Image: flickr/mjmilloy

Mark Townsend and Liz Evans, founders of the Portland Hotel Society (PHS) have resigned following two audits from Vancouver Coastal Health (VCH) and B.C. Housing that raise questions over the distribution and accounting of administrative fees for a twenty-year old organization that provides homes and harm reduction services to Vancouver’s most vulnerable population. The PHS is best known for operating InSite, North America’s first and only safe injection site — a clinic universally lauded by health care professionals and poverty activists worldwide.

The PHS has been fighting the right-wing B.C. Liberal government for years, advocating for funds for staff, repairs and even door locks. And, famously, InSite fought the Conservative government tooth and nail all the way to the Supreme Court of Canada for the right to stay open. The release of this audit and the actions taken by B.C. Housing look like nothing short of an outright attack on a longtime defender of residents of the Downtown Eastside.

The response to the audits, carried out by third party KPMG Forensic, has been explosive. Details like limo rides, trips to Disneyland and $700 baby showers have been gleefully repeated by mainstream media outlets. The hypocrisy! The chutzpah! Never mind that the audits make no accusations of wrongdoing and certainly do not recommend the firing of all executive managers and dismissal of the board of directors. The VCH audit simply recommends that VCH and the PHS jointly develop requirements for record keeping and service evaluation plans. Instead, one of the most powerful organizations fighting gentrification in Vancouver’s Downtown Eastside has been crippled.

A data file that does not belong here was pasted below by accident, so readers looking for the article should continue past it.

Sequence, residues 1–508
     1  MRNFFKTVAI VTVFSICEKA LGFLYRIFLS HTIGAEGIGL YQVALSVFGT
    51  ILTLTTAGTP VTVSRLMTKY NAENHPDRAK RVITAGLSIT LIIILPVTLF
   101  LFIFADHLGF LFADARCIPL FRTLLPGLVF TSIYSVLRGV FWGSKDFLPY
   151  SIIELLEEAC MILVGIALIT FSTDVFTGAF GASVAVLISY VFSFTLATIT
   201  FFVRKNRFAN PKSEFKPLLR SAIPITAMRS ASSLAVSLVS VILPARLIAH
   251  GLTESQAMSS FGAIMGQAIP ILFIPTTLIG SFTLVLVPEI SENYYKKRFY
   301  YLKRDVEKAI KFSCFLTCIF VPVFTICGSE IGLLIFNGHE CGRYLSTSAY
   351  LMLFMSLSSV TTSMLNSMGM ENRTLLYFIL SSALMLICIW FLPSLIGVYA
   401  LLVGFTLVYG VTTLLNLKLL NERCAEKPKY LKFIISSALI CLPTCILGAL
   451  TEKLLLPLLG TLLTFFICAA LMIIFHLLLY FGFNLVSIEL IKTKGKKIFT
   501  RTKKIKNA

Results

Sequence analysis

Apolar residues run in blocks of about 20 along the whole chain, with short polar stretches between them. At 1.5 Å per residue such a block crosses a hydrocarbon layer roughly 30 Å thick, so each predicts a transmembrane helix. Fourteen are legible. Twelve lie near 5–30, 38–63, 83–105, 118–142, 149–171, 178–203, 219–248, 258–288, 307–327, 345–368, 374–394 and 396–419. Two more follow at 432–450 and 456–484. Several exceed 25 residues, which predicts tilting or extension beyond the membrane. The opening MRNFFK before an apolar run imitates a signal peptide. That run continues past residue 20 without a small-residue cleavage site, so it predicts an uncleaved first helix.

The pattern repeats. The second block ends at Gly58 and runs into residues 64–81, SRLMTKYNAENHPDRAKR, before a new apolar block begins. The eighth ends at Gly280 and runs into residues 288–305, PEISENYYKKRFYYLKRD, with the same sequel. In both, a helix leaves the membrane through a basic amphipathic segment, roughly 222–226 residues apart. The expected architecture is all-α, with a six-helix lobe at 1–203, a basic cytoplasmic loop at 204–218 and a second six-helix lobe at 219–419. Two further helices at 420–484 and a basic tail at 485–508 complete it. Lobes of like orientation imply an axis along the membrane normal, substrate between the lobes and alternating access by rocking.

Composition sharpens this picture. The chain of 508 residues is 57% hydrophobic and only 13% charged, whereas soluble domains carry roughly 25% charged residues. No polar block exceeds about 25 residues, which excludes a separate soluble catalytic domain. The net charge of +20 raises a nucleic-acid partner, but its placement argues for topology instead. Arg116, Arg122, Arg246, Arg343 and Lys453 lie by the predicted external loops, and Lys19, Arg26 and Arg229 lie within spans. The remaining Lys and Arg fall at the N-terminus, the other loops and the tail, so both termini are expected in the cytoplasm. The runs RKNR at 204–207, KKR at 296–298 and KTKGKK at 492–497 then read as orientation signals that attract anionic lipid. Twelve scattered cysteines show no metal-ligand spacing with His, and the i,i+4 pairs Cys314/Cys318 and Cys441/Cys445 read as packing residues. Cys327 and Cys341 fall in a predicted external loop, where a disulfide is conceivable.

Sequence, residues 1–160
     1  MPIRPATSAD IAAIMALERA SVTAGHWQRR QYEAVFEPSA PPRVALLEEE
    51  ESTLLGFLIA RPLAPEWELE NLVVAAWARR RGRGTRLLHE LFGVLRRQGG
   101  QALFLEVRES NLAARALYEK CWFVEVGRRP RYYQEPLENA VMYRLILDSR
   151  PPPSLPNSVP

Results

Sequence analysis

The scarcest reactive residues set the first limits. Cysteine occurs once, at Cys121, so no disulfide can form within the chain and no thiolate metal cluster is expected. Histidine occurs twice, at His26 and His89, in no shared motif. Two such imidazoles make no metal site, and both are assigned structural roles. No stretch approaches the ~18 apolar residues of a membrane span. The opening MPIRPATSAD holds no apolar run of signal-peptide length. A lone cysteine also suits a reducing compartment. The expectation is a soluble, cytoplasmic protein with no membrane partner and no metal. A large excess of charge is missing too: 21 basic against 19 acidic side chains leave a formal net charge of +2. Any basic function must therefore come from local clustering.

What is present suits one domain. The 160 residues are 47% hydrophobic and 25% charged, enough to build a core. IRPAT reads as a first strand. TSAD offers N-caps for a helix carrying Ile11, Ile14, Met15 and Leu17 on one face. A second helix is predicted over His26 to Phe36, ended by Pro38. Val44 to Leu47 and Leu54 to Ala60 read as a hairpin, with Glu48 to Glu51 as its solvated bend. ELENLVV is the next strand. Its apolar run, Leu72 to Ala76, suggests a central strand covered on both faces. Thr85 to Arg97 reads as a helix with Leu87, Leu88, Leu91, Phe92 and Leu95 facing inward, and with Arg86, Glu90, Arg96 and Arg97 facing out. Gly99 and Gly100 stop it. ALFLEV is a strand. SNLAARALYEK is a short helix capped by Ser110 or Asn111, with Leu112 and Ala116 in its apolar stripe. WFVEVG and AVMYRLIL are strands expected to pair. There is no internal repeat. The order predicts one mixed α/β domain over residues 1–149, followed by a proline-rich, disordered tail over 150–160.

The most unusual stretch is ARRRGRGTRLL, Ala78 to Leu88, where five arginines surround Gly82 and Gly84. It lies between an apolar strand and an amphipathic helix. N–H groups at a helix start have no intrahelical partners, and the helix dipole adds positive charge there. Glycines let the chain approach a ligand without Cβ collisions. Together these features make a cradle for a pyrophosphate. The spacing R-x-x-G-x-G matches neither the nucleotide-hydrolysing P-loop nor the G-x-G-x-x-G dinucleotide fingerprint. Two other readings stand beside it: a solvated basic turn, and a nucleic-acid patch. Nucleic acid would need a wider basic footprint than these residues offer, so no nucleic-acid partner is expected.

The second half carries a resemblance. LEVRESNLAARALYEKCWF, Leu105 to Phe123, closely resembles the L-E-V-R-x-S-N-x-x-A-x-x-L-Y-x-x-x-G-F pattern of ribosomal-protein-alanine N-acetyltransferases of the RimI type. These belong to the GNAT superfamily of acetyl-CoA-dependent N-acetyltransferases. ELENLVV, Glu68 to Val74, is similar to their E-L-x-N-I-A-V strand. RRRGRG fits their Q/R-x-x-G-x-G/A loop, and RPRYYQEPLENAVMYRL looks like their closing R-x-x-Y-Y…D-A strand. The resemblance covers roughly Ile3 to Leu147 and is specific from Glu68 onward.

There are two contexts that matter here. First, the PHS is in conflict with a provincial government who has allowed a housing and public health crisis to fester and a municipal government that eyes the prime real estate of the DTES for its developer funding partners. Meanwhile PHS has been a world leader in harm reduction strategies, pushing the envelope to protect those living with addiction against a federal government ideologically opposed to relaxing drug laws in any way. While three levels of government had the poor and marginalized of Vancouver in its crosshairs, PHS stood tall — against the very people who held their purse strings.

The second context is how the PHS implicated in the growing non-governmental organization (NGO) industry delivering social services to the residents of the DTES. This context is alarming for many reasons and deserves attention. In many ways this industry is a result of the first context: the gaps left by our governments’ refusal to identify and satisfy the needs of its citizens need to be filled, and the only avenue left to provide fundamental services is organizations that must straddle grassroots autonomy and professional legitimacy in the eyes of its government funders.

The PHS was able to maintain legitimacy by virtue of its immense size and its long record of success — which made it easier to take provocative stands on harm reduction (like the recently installed crack pipe vending machines) and to stand up the closing of the Ranier Hotel last year. But its size also meant the 9 per cent administrative costs began to get quite large — about $1.5 million per year.

It can’t be denied that as the organization has grown it has bureaucratized itself away to some extent from the people it is meant to serve and lost a measure of grassroots accountability. The PHS is implicated in the larger concern of a growing NGO-industrial complex that competes against fellow service providers for funds in ways often not beneficial to those who rely on their services. But that criticism should come from grassroots organizers and activists, not the B.C. Government. For its part, even the VCH audit admitted the PHS is “achieving service objectives in providing specialized services to a unique population.”